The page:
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MBio. 2019 Feb 12;10(1). pii: e02733-18. doi: 10.1128/mBio.02733-18.

Cryptococcus deuterogattii VGIIa Infection Associated with Travel to the Pacific Northwest Outbreak Region in an Anti-Granulocyte-Macrophage Colony-Stimulating Factor Autoantibody-Positive Patient in the United States.

Author information

1
Department of Molecular Genetics and Microbiology, Duke University Medical Center, Durham, North Carolina, USA.
2
Department of Medicine, University of North Carolina School of Medicine, Chapel Hill, North Carolina, USA.
3
Laboratory of Clinical Immunology and Microbiology, National Institute of Allergy and Infectious Diseases, National Institutes of Health, Bethesda, Maryland, USA.
4
Department of Pathology and Laboratory Medicine, University of North Carolina School of Medicine, Chapel Hill, North Carolina, USA.
5
Department of Radiology, University of North Carolina School of Medicine, Chapel Hill, North Carolina, USA.
6
Department of Molecular Genetics and Microbiology, Duke University Medical Center, Durham, North Carolina, USA heitm001@duke.edu.

Abstract

The region encompassing the Pacific Northwest (PNW), Vancouver Island, Oregon, and Washington has been the location of an ongoing Cryptococcus gattii outbreak since the 1990s, and there is evidence that the outbreak is expanding along the West Coast into California. Here we report a clinical case of a 69-year-old, HIV-negative man from North Carolina who was diagnosed with a fungal brain mass by magnetic resonance imaging (MRI) and pathology. He had traveled to Seattle and Vancouver 3 years earlier and to Costa Rica 4 months prior to presentation. Phenotypic evidence showed that the fungal mass isolated from the patient's brain represented C. gattii In agreement with the phenotypic results, multilocus sequence typing (MLST) provided genotypic evidence that assigned the infecting organism within the C. gattii species complex and to the C. deuterogattii VGIIa clade. Whole-genome sequencing revealed >99.99% identity with the C. deuterogattii reference strain R265, indicating that the infecting strain is derived from the highly clonal outbreak strains in the PNW. We conclude that the patient acquired the C. gattii infection during his travel to the region 3 years prior and that the infection was dormant for an extended period of time before causing disease. The patient tested positive for anti-granulocyte-macrophage colony-stimulating factor (GM-CSF) autoantibodies, supporting earlier reports that implicate these autoantibodies as a risk factor associated with C. gattii infection.IMPORTANCE Mortality rates associated with C. gattii infections are estimated to be between 13% and 33%, depending on an individual's predisposition, and C. gattii has caused at least 39 deaths in the PNW region. There have been four other international travel cases reported in patients from Europe and Asia with travel history to the PNW, but this report describes the first North American traveler who acquired C. deuterogattii infection presenting within the United States and the first case of a C. deuterogattii outbreak infection associated with anti-GM-CSF autoantibodies. Early and accurate diagnoses are important for disease prevention and treatment and for control of infectious diseases. Continual reporting of C. deuterogattii infections is necessary to raise awareness of the ongoing outbreak in the PNW and to alert travelers and physicians to the areas of endemicity with potential risks.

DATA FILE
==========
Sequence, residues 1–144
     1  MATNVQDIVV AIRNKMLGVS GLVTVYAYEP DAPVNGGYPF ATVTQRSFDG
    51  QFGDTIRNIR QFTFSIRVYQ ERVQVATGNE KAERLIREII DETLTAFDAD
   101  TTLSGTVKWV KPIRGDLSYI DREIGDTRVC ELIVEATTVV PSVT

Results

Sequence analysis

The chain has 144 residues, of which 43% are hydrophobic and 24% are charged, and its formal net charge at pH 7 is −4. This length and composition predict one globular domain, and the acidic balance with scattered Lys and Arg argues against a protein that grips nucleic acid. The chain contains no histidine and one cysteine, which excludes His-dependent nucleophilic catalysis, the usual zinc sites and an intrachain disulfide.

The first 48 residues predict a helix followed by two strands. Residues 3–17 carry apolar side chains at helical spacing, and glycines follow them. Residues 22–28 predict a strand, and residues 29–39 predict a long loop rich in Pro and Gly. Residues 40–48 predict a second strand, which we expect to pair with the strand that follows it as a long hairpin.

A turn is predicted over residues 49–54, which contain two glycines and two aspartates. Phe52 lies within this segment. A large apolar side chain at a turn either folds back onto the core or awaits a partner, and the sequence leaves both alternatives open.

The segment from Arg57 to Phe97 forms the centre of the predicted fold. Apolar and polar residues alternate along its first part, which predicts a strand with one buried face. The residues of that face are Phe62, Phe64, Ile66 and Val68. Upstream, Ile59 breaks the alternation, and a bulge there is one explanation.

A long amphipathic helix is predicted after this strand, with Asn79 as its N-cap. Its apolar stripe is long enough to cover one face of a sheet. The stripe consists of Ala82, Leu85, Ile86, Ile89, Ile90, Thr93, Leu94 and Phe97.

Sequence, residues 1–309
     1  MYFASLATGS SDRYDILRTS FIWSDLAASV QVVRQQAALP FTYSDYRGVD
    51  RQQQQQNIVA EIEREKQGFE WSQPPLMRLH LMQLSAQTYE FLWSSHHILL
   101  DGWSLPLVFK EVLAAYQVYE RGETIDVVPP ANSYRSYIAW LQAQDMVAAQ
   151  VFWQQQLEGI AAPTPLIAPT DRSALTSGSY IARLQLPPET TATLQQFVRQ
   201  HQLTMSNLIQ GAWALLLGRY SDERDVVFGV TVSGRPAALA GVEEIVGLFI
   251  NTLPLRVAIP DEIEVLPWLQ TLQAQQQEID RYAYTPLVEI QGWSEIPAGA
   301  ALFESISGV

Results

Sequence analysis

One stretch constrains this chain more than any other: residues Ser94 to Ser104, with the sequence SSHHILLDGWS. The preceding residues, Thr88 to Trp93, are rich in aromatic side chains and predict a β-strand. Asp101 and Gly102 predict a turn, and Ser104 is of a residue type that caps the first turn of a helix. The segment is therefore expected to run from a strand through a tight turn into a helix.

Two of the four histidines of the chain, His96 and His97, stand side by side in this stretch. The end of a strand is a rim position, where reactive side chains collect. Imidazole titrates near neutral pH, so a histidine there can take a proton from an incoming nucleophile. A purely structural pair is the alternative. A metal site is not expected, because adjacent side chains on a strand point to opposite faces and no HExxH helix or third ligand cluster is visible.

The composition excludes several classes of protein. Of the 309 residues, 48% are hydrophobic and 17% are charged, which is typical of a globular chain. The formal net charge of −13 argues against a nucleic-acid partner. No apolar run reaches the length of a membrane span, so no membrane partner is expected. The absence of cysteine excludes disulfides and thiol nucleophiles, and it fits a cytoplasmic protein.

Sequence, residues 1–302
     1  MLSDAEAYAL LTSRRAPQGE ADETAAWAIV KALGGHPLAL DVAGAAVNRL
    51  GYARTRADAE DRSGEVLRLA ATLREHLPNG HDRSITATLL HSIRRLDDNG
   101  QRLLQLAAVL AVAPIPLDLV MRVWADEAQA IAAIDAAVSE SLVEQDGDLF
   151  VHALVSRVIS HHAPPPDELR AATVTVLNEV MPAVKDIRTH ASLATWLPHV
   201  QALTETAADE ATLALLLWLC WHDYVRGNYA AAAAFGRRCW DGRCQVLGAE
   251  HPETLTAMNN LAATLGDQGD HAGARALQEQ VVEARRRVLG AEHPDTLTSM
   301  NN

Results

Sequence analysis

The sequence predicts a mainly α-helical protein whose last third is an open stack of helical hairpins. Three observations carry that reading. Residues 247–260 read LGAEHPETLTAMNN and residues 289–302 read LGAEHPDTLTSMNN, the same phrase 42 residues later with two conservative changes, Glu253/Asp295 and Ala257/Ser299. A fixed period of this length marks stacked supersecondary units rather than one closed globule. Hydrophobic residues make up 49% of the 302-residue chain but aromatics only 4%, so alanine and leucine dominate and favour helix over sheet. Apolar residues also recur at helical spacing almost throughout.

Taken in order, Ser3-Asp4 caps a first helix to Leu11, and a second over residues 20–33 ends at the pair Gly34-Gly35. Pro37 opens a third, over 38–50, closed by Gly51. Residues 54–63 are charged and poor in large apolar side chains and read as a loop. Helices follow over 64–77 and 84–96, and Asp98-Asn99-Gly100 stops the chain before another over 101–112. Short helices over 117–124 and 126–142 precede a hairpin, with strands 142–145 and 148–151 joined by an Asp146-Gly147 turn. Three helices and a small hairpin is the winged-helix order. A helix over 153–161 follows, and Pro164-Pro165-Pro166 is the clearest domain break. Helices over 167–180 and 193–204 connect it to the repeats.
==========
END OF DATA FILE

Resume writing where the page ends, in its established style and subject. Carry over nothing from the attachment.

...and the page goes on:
KEYWORDS:

Cryptococcus deuterogattii ; anti-GM-CSF autoantibodies; travel-acquired cryptococcal meningitis

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